Australia's highest court has endorsed tough new anti-tobacco marketing laws.

The Australian High Court dismissed a legal challenge from global cigarette companies in a major test case between tobacco giants and anti-smoking campaigners.

Tobacco giants British American Tobacco, Britain's Imperial Tobacco, Philip Morris and Japan Tobacco challenged the laws.

They claimed the rules were unconstitutional because they effectively extinguished their intellectual property rights.

In a brief statement, the High Court said a majority of its seven judges believed the laws did not breach Australia's constitution.

The decision means cigarettes and tobacco products must be sold in plain olive green packets without branding from 1 December.

The plain packages will also carry graphic health warnings.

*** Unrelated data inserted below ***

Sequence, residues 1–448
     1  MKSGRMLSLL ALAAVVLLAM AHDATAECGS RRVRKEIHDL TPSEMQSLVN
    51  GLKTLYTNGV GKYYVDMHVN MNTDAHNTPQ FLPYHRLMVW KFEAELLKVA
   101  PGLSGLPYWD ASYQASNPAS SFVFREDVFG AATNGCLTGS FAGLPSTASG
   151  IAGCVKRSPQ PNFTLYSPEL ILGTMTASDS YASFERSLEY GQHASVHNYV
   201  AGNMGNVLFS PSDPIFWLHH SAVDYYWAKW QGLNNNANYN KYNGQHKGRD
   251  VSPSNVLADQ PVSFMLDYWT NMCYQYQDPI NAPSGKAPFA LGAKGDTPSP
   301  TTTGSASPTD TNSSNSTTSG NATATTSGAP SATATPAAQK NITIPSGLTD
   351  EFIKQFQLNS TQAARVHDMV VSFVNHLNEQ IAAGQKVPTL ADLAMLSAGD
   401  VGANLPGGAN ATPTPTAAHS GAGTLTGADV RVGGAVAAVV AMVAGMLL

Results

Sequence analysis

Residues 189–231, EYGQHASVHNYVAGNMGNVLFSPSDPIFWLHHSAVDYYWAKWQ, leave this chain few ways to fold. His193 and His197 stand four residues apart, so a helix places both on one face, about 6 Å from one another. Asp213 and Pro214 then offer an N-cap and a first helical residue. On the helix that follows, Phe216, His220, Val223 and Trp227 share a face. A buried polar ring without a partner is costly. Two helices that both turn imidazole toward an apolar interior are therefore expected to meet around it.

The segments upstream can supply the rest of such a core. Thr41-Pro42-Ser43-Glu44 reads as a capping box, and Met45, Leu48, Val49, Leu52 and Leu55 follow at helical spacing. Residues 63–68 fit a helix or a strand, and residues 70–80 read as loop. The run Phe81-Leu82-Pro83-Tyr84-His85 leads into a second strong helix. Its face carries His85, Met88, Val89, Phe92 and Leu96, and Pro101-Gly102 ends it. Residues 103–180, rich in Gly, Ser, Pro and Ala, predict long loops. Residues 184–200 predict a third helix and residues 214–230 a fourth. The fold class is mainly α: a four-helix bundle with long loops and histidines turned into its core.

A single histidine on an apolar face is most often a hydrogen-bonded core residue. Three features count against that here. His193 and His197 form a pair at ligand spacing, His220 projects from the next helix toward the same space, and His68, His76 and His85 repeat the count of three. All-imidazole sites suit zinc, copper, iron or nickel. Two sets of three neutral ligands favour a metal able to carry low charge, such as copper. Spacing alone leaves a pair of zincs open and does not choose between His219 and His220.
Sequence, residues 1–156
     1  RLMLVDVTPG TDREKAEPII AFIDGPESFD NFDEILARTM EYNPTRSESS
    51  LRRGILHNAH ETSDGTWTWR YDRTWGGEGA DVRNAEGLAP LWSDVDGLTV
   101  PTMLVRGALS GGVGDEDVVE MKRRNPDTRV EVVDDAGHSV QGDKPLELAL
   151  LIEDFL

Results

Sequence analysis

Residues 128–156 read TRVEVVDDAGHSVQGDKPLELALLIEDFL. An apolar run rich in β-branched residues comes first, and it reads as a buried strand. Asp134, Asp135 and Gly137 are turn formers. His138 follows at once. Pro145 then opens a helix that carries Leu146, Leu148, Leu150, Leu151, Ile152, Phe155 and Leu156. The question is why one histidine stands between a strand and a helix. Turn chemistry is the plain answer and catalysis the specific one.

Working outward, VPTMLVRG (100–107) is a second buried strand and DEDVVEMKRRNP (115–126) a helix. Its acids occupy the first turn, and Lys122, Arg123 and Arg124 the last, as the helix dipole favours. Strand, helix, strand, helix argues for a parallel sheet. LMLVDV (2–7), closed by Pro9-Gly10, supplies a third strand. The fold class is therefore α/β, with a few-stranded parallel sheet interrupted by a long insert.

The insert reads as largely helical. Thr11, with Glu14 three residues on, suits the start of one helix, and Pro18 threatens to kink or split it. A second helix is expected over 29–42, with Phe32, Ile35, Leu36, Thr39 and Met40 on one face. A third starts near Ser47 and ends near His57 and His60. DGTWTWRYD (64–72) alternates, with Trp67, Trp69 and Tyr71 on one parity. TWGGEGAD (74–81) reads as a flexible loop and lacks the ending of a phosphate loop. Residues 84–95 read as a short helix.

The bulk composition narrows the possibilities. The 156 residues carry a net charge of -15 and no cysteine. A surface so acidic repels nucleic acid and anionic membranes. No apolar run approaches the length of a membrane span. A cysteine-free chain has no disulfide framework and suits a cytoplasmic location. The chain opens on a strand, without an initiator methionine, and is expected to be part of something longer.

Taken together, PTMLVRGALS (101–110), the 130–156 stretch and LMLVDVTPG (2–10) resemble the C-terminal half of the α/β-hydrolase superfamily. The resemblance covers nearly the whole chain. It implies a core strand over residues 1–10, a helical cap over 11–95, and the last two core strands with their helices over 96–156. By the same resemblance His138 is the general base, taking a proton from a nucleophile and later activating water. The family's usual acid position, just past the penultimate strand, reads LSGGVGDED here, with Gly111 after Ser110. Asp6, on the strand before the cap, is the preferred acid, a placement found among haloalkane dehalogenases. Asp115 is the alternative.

The laws are in line with World Health Organisation recommendations.

They are being watched closely by Britain, Norway, New Zealand, Canada and India, who are considering similar measures to help fight smoking.

All political parties in Australia support the plain packaging laws and there is little hope a future government would overturn the laws.

Australia wants to cut the number of smokers from around 15% of the population to 10% by 2018.

Authorities say smoking kills around 15,000 Australians a year.

The World Health Organisation estimates more than 1bn people around the world are regular smokers, with 80% in low and middle income countries.